‘The rate of change within retail is quickening as the digital revolution reshapes the industry’

The UK retail industry is world leading. We can buy any product any time we want in any way we want. But the industry is undergoing a transformation more profound and far-reaching than any that has gone before


Social, financial and technological pressures are creating a revolution that is inspiring retailers to transform what they do. Physical retailing is changing and the role of the store is being reimagined, while customers’ behaviour and expectations of retail experiences are evolving as quickly as the technology itself.

Some 100,000 people are employed in retail jobs that did not exist five years ago and about 15 per cent of sales are online, growing at 10 to 15 per cent a year. This means retail is becoming more productive, powered by better jobs. Where once retail jobs were stigmatised as just shelf-stacking, the industry is now a leader in offering opportunities in roles as diverse as app development, microbiology and events planning.

But the challenges are stark. The rate of change within retail is quickening as the digital revolution reshapes the industry.

The effect of these changes is compounded by a perfect storm of cost pressures. With a weak pound, input costs are rising fast and retailers are managing the introduction of the apprenticeship levy, and further uplifts in the national living wage and business rates, all at a time of increasing competition, four years of lower prices for customers and within an industry with very small profit margins. Brexit will, of course, bring further change.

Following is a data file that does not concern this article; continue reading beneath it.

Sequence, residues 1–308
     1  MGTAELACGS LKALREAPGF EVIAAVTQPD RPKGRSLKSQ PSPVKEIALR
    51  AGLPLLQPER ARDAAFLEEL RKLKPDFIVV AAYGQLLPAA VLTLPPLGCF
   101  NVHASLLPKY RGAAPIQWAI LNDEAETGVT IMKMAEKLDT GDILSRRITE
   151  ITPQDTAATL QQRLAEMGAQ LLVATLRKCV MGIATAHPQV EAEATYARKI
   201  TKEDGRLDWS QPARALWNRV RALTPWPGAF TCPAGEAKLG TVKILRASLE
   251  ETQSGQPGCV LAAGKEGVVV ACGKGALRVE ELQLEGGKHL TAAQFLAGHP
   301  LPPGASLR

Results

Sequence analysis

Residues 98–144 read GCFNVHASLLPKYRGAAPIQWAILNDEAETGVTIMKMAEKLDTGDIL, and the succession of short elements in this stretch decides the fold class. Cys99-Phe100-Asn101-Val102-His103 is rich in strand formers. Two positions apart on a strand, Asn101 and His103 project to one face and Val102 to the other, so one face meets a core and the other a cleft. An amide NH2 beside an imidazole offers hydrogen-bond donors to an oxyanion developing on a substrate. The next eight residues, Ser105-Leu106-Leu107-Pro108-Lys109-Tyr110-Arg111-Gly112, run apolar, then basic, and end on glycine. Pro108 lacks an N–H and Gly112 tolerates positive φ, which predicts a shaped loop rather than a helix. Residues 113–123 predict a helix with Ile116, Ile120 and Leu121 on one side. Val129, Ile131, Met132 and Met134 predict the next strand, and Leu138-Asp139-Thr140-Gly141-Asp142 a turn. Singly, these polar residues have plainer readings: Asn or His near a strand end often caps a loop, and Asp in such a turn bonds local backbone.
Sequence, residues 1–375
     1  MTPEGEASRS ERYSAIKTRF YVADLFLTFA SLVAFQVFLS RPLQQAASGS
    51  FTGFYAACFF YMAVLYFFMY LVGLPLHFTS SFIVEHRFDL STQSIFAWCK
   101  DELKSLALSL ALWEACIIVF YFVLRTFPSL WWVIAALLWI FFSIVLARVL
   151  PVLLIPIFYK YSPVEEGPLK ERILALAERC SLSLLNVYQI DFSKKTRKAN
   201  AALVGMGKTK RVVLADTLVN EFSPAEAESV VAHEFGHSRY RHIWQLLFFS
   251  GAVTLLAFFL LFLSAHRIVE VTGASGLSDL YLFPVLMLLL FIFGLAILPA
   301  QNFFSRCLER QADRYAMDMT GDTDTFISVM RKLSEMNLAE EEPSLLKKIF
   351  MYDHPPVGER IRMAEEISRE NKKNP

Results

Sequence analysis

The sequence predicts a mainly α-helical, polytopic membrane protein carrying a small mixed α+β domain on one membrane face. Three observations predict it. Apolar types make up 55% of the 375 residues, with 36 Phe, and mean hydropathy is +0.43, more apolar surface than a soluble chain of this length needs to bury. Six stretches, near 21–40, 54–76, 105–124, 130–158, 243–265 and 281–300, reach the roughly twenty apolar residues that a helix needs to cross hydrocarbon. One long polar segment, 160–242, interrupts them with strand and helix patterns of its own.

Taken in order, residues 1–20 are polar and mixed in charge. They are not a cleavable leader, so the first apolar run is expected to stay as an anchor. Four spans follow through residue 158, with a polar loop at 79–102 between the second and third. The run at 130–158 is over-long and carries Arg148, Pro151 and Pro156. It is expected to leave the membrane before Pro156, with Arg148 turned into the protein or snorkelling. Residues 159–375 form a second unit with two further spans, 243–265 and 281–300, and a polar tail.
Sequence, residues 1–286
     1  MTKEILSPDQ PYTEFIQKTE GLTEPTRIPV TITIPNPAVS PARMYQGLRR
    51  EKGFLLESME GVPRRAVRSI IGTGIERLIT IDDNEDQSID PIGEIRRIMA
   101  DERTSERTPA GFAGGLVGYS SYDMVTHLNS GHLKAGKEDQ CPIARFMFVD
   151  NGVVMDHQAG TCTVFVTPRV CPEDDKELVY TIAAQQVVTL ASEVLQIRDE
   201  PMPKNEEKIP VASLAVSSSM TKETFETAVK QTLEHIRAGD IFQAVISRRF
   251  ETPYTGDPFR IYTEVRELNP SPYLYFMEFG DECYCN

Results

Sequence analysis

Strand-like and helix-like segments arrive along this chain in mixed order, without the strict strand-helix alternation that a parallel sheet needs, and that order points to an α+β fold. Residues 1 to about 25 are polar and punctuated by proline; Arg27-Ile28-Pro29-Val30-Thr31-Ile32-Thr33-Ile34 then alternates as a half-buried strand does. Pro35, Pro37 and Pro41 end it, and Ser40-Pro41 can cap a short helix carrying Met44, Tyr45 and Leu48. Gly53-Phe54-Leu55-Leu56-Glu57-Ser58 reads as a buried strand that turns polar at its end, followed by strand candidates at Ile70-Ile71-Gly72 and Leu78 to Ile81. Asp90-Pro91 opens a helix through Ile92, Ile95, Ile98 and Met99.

What many shops do may change in the coming years. For many retailers, the future role of shops may be partly showrooming, partly collection points, partly a space to hold events and provide experiences and services that you can’t get from an online competitor. In the age of the individual, today’s discerning shopper wants a targeted, personalised retail experience that matches their buying habits.

That changing customer experience means retail jobs are changing too and the “people agenda” has never been so important. It will be a technological revolution, but one that is driven by retail’s people. Retailers need to keep finding new routes to engaging their people in ensuring their business is as productive and high performing as it can be.

We know from our research that a majority of employees feel they are overqualified for their jobs and, while many have ideas for improving their business, few feel their ideas are taken seriously. And many feel a lack of support or encouragement to go for promotion, for example. This all needs to change.

Customers will get better choice, more convenience and more personalisation in the coming years, while retail will see greater productivity and better, more rewarding jobs.

Our industry has a strong track record in training its people, and giving them the right skills and experience to succeed. It is making headway in understanding what to change now and how to make this happen.

Achieving this vision requires companies to respond individually, collaborate and partner effectively with government on people, pay, progression and productivity. As retail adapts, it will be incumbent upon the British Retail Consortium, with industry, to work with the government towards making the right choices of where and what to invest in.